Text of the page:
- A second home in Hamden
- Men’s ice hockey takes 3-2 win over UMass despite power-play woes
- No. 3/3 Quinnipiac women’s hockey loses 4-1 to No. 6/7 Boston College
- Women’s ice hockey prepares for weekend against No. 6 Boston College
- Men’s ice hockey dominates UConn 5-2
- Bobcats hold off Siena to maintain the top spot in the MAAC
- A perfect pair
- Student Media teams up against domestic violence
- The Clery Act
- University set to release new website
Depression in college students on the rise
Most college kids know the feeling of stress, fatigue and sadness. These emotions are completely normal, especially around midterm season. But when do these feelings turn into clinical depression? The line is becoming more and more vague, and many do not know when they are depressed.
A recent article at campusblues.com states that depression in college students is very common. “When the blues last for weeks, or interfere with academic or social functioning, it may be clinical depression.”
The article continues, “Clinical depression is a common, frequently unrecognized illness that can be effectively treated.”
If you have these symptoms, you are certainly not alone. Approximately 80 percent of those who seek treatment return to their normal selves in as little as a few weeks. In fact, help is readily available right here on the Quinnipiac campus. QU has three counselors who are available to help any student free of charge and are located on Bobcat Alley.
An individual wishing to make an appointment can even fill out a confidential form online, which can be located at the university’s Web site.
A sophomore student who wished to remain anonymous stated, “I was very depressed last year, in the weeks following my transition to freshman year. I went to Terri Johnson, a counselor here at QU. She was amazing, and really helped me. In weeks, I was able to realize what was making me depressed, and what changes I needed to make to return to the normal me. Soon, I was back to having fun, and just enjoying my life.”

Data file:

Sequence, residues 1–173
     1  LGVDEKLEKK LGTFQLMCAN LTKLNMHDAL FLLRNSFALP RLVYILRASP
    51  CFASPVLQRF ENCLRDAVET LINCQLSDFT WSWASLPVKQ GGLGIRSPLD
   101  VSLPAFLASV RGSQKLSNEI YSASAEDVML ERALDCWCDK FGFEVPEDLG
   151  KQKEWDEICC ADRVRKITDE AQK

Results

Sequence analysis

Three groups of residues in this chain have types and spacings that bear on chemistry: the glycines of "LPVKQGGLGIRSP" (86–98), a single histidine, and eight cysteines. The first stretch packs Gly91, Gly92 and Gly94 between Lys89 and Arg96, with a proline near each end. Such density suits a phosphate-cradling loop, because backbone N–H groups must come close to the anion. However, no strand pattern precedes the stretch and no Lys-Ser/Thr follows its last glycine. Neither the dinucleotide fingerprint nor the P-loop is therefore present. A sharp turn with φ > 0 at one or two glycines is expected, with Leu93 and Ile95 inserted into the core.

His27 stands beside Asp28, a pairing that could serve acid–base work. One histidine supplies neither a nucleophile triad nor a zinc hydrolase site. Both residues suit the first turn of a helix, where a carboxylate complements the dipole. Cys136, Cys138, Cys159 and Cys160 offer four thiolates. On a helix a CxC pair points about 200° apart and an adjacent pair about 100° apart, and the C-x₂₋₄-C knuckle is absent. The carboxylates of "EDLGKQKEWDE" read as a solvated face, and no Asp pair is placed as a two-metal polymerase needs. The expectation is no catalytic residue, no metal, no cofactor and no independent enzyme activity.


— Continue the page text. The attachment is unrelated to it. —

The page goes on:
The student continued, “one thing people who think they are depressed should keep in mind is to watch their alcohol consumption.”
With partying being at an all-time high here both on and off campus, students should remember that alcohol is a depressant.
Campusblues.com states that, “A lot of depressed people, especially teenagers, also have problems with alcohol or other drugs. Sometimes the depression comes first, and people try drugs as a way to escape it.”
Other times, students turn to alcohol, or drugs to make them “happier,” or feel better about themselves. Yet, alcohol can and most likely will, place the individual in an even worse condition.
The Web site stresses that if you are severely depressed and have suicidal thoughts, contact help immediately. School counselors, residential assistants and doctors are available here on campus. If those do not seem like suitable options, the Web site lists a local suicide and emergency hotline, a hospital and even 911 as safe options.
If you suspect a friend or relative is severely depressed, talk to them and discuss options for help.
Another anonymous student here told his story in confidentiality, and simply said, “I was in bad shape. I was on the verge of doing something ridiculous, and my best friend helped me get back on track. I can’t even believe I was ever that low. But it happens, to more people than you may know.”
Whatever your symptoms or case may be, if you think you are depressed remember that help isn’t far away.